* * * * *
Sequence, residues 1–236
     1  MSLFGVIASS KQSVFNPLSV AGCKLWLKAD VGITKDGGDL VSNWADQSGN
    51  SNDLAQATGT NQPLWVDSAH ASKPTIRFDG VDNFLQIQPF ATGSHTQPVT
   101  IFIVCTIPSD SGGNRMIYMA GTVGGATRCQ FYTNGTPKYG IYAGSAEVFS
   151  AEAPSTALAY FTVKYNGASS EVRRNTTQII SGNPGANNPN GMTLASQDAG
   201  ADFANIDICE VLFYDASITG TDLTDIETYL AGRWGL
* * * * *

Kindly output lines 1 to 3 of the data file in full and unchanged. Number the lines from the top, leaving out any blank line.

Sequence, residues 1–236
     1  MSLFGVIASS KQSVFNPLSV AGCKLWLKAD VGITKDGGDL VSNWADQSGN
    51  SNDLAQATGT NQPLWVDSAH ASKPTIRFDG VDNFLQIQPF ATGSHTQPVT